On Tue, 4 Mar 2008, M. Warner Losh wrote:

> : In most ports of FreeBSD parts to Linux that I've seen, the preferred solution
> : has to been to bring the entire FreeBSD queue.h with you rather than relying
> : on the native Linux queue.h. This is what we do for OpenBSM, for example;
> : this also helps out when you get to Mac OS X, Solaris, etc, where all the
> : queue.h's continue to vary in subtle ways. This depends a fair amount on a
> : lack of header pollution in the OS's own include files, of course...
>
> I was rather hoping for something that could be used without any of that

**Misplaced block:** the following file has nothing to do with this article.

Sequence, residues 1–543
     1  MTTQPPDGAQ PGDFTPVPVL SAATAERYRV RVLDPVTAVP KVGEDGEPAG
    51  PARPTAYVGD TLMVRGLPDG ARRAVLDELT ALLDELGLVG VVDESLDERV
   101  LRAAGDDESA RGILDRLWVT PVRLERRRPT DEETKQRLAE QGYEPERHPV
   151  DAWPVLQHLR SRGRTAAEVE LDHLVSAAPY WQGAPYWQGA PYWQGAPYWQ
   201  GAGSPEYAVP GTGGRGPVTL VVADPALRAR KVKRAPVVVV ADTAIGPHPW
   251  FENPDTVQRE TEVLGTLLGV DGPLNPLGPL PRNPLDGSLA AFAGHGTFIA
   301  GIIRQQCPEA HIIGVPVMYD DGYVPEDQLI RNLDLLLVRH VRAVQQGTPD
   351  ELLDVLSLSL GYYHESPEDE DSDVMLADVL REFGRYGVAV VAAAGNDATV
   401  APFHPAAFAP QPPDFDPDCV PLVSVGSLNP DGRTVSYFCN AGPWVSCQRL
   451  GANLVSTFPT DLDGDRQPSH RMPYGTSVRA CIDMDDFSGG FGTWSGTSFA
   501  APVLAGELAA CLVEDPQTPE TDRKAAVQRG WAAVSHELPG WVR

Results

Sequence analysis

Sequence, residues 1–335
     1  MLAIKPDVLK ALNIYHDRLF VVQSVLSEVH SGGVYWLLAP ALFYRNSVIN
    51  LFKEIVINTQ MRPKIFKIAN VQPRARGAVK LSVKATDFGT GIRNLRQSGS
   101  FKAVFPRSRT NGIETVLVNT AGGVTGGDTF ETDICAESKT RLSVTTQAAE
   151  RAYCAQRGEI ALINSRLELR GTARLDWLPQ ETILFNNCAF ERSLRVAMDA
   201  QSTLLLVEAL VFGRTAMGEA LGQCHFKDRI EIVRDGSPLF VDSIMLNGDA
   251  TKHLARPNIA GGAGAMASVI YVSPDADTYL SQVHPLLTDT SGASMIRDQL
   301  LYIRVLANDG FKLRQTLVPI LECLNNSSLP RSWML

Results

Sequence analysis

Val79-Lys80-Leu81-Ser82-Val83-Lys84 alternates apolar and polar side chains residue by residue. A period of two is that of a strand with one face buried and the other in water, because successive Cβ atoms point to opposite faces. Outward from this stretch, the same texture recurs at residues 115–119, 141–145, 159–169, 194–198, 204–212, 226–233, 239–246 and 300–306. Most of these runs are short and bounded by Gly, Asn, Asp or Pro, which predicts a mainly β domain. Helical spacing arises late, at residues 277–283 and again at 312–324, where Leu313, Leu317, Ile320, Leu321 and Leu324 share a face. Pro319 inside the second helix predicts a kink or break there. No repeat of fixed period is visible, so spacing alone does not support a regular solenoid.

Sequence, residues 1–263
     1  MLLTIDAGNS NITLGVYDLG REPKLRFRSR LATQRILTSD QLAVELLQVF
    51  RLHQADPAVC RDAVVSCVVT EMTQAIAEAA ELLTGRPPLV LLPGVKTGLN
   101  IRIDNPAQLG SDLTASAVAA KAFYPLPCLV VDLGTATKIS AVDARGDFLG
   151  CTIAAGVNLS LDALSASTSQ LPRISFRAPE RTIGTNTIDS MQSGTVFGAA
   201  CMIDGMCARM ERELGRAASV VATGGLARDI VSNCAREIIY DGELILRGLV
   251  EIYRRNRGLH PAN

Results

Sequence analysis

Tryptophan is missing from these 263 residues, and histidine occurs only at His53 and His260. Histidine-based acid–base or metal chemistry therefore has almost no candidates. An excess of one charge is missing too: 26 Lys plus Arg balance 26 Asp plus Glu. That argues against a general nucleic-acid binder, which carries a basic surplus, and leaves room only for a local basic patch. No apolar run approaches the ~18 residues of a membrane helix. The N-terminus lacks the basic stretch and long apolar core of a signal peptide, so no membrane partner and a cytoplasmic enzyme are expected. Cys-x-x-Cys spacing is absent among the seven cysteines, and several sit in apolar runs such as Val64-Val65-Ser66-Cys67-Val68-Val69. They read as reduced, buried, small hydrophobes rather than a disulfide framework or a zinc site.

> nonsense...


Sadly, nonsense seems to be the name of the game in software portability.
Here's the broken autoconf garbage I use to pick out adequate queue.h's from
inadequate ones:

# sys/queue.h exists on most systems, but its capabilities vary a great deal.
# test for LIST_FIRST and TAILQ_FOREACH_SAFE, which appears to not exist in
# all of them, and are necessary for OpenBSM.
AC_TRY_LINK([
#include
], [

#ifndef LIST_FIRST
#error LIST_FIRST missing
#endif
#ifndef TAILQ_FOREACH_SAFE
#error TAILQ_FOREACH_SAFE
#endif
], [
AC_DEFINE(HAVE_FULL_QUEUE_H,, Define if queue.h includes LIST_FIRST)
])

Note that there are at least a couple of mostly stylistic bugs there (could
use compile rather than link, definition description is poor, errors are
inconsistent). :-) I found that on both Linux and Mac OS X, the queue.h's
didn't have everything I wanted.

Robert N M Watson
Computer Laboratory
University of Cambridge
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